This year Ramadan begins on Friday, April 24 in most Muslim-majority nations. Ramadan Kareem means something like “Ramadan is generous.” This traditional expression reflects a sentiment of thanksgiving for the generous blessings that one has received, while also serving as a reminder that one should be generous in return.

Ramadan is the holiest month for Muslims. It is the ninth month in the Muslim lunar calendar and healthy adult Muslims fast in Ramadan from dawn until dusk. This includes abstaining from drinking, eating, immoral acts, and anger. Other acts of worship such as prayer, reading the Quran, and charity are also encouraged during the holy month. Fasting during Ramadan is a time for Muslims to commit themselves more to God and render “great services to the community in terms of helping the poor, assisting the needy and sharing whatever one has with others.”

Muslims are generally more kind, tolerant, and active during Ramadan because they tend to celebrate each Ramadan as if it were their last to ensure that God will pardon them for any sins they have committed. This is not considered optional but regarded as a compulsory religious duty (it is one of the so-called “Five Pillars of Islam,” each of which is incumbent upon all Muslims to abide by).

However, this year Ramadan will most certainly be a less festive time, amid the coronavirus pandemic as all nations, including Muslim ones, take precautions to curb the spread of the virus by banning or limiting social gatherings and closing mosques.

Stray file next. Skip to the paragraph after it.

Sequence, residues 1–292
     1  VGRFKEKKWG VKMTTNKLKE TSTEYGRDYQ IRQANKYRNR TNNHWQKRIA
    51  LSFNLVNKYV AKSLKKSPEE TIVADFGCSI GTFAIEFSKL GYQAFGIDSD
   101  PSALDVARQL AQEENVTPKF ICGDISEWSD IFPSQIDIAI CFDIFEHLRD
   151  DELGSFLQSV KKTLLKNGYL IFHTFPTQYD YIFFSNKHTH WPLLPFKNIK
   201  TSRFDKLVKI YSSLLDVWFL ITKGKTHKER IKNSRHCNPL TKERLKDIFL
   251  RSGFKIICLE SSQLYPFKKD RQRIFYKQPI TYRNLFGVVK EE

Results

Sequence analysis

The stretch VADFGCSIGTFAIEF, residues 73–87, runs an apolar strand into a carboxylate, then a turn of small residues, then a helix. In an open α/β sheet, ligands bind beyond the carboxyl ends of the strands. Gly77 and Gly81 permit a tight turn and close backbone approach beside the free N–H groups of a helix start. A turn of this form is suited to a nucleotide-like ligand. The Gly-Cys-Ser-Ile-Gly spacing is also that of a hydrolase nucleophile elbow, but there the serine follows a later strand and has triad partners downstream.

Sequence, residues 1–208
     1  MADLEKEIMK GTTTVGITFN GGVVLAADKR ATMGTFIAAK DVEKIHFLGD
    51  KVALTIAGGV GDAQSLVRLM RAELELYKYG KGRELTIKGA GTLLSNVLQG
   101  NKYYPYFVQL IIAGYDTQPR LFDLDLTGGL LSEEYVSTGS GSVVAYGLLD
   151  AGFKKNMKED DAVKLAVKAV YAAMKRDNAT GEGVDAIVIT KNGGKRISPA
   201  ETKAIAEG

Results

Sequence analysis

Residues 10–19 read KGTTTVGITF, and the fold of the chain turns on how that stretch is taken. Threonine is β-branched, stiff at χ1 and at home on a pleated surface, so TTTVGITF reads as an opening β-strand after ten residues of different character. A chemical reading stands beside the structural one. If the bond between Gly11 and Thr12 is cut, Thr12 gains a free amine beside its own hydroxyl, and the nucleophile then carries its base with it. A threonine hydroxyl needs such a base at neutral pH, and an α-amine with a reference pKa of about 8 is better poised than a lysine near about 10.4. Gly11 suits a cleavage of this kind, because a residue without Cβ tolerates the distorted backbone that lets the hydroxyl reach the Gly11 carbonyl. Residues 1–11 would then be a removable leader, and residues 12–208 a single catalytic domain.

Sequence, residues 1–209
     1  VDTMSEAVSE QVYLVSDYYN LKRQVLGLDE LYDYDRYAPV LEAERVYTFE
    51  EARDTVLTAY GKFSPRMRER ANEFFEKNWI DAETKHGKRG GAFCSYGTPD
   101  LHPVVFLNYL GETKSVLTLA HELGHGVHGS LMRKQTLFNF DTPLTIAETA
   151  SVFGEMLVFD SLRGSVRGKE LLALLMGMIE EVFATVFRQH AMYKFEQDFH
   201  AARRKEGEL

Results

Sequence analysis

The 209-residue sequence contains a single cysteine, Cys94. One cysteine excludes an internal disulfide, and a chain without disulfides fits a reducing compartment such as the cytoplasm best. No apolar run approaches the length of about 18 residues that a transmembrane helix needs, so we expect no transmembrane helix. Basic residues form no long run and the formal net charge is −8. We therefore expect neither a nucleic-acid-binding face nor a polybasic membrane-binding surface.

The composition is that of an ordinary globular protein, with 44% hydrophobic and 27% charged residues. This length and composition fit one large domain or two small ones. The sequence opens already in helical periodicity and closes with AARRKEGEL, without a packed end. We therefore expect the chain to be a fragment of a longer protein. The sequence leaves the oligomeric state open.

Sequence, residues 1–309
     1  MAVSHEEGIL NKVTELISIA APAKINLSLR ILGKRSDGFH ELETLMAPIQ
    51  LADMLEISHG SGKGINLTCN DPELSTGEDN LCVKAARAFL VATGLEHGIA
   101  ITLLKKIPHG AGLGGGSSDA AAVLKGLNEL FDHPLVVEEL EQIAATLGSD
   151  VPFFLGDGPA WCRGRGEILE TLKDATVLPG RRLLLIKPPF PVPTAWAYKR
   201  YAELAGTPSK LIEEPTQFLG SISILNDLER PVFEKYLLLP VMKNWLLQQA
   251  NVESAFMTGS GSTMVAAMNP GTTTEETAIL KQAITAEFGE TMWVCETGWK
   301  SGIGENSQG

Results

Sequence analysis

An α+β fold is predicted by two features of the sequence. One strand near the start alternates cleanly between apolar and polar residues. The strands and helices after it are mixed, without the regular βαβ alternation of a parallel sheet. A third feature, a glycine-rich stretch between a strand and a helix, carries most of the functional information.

The month of Ramadan is also when it is believed the Holy Quran “was sent down from heaven, a guidance unto men, a declaration of direction, and a means of Salvation”. The observance of Ramadan is very personal and individual. It is a time for “sacrifice and renunciation as well as a period of reflection and spiritual growth,” and also a powerful symbol of unity, with Muslims around the world fasting simultaneously while bringing family and friends together.

Muslims believe that Ramadan teaches them to practice self-discipline, self-control, sacrifice, and empathy for those who are less fortunate, thus encouraging actions of generosity and compulsory charity.

IAEC University wishes all our Muslim brothers and sisters a happy RAMADAN KAREEM


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